Sorry you had a rough birthday.
Some thoughts on hauntings - I am a sceptic, but I have alsos had experiences I couldn't explain any other way. However, I've never had an experience worthy of being afraid.
Stuff going missing (such as the meds) and the door unlocking itself - there can be a whole lot of things tat could have a rational explanation, a totally innocent reason. But if you're spooked by something, it's easy to "blame the ghost" when it could be perfectly natural "oops, it fell out of my bag," or even the patter of little GFG 'poltergeist' feet. I read a lot about ghosts and witches when I was a kid and one thing thta fascinated me, was that poltergeists are often found in houses where there is a disturbed child. The claim was not that the child was doing this to scare the family (perish the thought!) but that the disturbed child somehow was the source of a ripple in the psychic energy and attracted mischievous spirits.
I've known a few mischievous spirits in my time. One of them is my neighbour, a real ratbag. He joined a UFO watcher's club back in the 70s and kept them happy by staging hoaxes. Of courdse he never 'fessed up, he just set up a fake UFO sighting and then sat back and enjoyed the fireworks - literally! He told me about one in particular, even named the place. I went home and checked one of my obscure little reference books on my shelves ("Close Encounters of an Australian Kind" by Ross Bakersfeld, I think it was) and there it was, in the "still unexplained section". My neighbour doesn't read books and would not have known I had that book. The description of the sighting matches his hoax method. He would get a large balloon (there were special ones you could get, a higher quality latex usually red in colour, I remember my sister buying one back in the 60s). He would fill the balloon with hydrogen (which he could extract using electrolysis of water; or get a gas cylinder of it, which was fairly easy in those days). He would attach a length of fireworks fuse to the balloon, and along the fuse he would wrap strips of magnesium ribbon. Different lengths of magnesium at interrupted intervals. He would also rig up a small torch bulb and battery to the balloon. Then he would go somewhere likely (well in the open) preferably on a still clear night and when he was on his own, he would light the fuse, attach the battery to 'on' and let go the balloon. The battery would ensure the balloon glowed a dull red, but the size of the balloon being larger than usual, it wouldn't automatically be recognised as a kids' ballloon. Also, once it was high enough in te sky, there was no frame of reference to know how big it was, so people's minds would make the assuption that it was a craft.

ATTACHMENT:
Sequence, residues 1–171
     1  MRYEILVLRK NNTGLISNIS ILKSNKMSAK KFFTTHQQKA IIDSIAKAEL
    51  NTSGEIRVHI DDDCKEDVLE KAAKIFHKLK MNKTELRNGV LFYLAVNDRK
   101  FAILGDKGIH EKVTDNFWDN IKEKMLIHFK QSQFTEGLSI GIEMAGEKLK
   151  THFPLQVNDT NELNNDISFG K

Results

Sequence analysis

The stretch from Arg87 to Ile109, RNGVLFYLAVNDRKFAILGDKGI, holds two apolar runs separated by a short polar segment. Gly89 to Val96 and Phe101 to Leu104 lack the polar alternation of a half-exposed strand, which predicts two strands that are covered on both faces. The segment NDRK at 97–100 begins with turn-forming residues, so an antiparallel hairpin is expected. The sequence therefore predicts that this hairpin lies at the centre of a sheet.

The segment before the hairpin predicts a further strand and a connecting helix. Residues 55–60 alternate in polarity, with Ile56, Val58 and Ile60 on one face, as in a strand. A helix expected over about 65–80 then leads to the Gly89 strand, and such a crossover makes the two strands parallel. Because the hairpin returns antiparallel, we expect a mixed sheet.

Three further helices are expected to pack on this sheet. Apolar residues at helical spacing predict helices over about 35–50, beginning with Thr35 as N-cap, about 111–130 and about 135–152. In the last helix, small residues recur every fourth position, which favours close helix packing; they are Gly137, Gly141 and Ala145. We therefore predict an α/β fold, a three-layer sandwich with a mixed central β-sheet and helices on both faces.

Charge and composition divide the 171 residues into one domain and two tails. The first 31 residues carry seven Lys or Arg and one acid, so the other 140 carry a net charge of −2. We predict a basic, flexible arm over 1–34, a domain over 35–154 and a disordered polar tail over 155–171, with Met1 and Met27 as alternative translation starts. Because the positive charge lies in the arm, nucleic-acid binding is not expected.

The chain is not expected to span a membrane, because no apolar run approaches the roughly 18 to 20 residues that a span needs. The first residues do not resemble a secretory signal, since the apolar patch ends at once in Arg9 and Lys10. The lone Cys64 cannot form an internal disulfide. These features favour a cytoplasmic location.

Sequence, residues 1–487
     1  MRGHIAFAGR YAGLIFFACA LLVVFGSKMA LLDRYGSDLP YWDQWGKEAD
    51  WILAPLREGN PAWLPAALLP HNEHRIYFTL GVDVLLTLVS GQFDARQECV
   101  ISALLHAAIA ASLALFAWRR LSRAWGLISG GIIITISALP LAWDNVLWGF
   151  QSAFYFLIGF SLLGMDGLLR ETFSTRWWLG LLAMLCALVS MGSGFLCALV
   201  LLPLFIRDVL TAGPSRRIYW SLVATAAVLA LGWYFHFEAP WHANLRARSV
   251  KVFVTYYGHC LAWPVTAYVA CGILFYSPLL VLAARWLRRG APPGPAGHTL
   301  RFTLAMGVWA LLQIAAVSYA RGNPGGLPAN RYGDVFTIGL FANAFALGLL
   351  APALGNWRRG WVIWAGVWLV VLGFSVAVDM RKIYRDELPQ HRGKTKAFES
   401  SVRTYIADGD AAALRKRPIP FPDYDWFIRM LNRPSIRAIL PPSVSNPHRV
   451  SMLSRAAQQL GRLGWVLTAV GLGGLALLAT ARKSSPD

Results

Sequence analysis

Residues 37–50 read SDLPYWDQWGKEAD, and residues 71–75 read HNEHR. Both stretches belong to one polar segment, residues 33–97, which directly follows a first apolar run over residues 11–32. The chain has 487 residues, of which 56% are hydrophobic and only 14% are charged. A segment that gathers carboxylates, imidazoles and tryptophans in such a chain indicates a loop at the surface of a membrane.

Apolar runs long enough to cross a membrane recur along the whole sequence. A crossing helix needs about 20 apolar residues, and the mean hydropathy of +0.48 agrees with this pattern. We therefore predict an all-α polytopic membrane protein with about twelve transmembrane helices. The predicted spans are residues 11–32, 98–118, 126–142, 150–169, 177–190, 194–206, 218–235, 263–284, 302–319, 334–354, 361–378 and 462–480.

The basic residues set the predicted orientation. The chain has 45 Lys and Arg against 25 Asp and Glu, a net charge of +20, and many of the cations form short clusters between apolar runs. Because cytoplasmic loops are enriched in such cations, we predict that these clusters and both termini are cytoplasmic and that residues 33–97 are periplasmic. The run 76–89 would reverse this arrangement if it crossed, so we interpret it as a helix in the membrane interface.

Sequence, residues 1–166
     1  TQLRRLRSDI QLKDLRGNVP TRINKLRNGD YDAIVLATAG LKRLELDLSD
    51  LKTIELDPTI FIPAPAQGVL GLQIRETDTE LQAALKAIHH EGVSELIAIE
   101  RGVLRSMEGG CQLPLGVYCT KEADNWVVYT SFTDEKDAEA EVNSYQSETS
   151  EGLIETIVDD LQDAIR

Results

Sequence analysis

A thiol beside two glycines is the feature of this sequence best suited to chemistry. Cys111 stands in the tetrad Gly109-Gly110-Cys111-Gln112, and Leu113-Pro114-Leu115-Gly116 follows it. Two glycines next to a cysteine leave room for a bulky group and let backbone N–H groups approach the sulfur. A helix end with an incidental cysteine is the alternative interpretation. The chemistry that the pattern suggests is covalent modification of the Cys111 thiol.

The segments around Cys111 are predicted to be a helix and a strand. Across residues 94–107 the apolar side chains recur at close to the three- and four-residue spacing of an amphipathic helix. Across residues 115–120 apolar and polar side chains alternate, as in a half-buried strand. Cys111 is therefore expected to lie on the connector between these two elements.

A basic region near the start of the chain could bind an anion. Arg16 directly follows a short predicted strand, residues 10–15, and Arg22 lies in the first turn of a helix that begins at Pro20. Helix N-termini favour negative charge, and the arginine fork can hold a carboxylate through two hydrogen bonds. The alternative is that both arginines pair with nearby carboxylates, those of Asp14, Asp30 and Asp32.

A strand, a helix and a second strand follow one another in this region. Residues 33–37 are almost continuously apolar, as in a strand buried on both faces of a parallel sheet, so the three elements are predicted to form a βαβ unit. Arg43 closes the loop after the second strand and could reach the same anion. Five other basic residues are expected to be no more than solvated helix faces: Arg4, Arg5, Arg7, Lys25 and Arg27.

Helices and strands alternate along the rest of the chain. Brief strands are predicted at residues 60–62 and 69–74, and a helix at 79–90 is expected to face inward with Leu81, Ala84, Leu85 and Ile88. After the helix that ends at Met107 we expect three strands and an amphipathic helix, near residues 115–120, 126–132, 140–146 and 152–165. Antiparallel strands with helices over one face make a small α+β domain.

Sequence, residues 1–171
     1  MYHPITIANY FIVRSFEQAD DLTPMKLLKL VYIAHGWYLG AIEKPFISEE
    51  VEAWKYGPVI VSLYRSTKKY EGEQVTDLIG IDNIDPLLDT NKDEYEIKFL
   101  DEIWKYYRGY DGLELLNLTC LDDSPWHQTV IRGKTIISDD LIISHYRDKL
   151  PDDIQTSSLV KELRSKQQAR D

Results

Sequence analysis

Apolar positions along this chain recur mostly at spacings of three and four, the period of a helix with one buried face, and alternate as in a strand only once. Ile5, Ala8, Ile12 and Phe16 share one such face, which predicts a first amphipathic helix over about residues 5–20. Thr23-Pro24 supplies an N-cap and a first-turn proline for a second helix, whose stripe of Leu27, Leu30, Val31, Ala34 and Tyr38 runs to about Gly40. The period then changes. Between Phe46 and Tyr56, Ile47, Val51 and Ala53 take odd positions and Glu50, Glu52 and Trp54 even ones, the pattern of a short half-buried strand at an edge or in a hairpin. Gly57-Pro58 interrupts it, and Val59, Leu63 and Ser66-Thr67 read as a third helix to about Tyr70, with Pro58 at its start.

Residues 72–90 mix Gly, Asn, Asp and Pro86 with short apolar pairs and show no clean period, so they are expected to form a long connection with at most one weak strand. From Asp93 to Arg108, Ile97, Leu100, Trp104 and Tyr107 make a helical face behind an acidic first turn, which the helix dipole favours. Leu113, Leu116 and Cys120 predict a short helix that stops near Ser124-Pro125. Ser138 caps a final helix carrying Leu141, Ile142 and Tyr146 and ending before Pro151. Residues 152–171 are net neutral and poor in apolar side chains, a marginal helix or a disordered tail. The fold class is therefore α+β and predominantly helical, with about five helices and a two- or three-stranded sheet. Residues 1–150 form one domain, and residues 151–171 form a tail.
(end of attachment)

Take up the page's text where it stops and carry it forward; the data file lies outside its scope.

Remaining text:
Then it would begin flashing. An intensely strong light would shiine for a second or two, then stop Then agian. Then stop. He said people around would say, "It's signalling to us!" and frantically grab for teir torches, and start flashing their torches back, trying to make some sense out of the length of each set of flashes and the intervals betwwn them. People's own beleif systems would work in his favour and he was getting off on other people's gullibility (I said he's a ratbag!).